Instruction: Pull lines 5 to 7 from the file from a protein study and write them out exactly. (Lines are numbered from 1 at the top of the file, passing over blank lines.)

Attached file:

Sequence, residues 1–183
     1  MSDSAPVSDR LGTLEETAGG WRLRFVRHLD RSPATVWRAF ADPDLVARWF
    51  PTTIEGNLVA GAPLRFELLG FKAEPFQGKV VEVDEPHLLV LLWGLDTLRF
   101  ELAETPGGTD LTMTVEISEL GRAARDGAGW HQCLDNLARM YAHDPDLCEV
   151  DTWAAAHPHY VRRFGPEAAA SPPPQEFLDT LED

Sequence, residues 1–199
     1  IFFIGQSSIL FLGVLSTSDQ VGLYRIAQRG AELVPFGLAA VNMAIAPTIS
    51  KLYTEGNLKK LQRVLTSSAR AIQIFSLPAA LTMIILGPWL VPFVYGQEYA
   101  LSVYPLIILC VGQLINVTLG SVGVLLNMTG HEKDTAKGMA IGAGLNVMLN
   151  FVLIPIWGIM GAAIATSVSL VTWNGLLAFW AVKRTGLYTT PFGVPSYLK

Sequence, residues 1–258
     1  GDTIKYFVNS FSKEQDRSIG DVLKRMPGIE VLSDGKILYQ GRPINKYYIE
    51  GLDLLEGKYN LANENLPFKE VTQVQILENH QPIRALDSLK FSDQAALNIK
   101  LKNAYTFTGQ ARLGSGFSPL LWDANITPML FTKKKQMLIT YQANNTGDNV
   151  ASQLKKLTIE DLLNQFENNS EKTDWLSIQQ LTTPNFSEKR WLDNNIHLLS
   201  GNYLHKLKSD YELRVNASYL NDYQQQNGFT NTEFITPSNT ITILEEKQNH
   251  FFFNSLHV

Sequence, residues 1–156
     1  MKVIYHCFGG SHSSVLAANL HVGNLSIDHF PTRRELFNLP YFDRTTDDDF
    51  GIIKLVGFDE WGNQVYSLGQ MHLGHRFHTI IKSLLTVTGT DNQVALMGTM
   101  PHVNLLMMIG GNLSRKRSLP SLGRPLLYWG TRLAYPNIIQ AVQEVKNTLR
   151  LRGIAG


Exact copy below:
   151  DTWAAAHPHY VRRFGPEAAA SPPPQEFLDT LED

Sequence, residues 1–199
     1  IFFIGQSSIL FLGVLSTSDQ VGLYRIAQRG AELVPFGLAA VNMAIAPTIS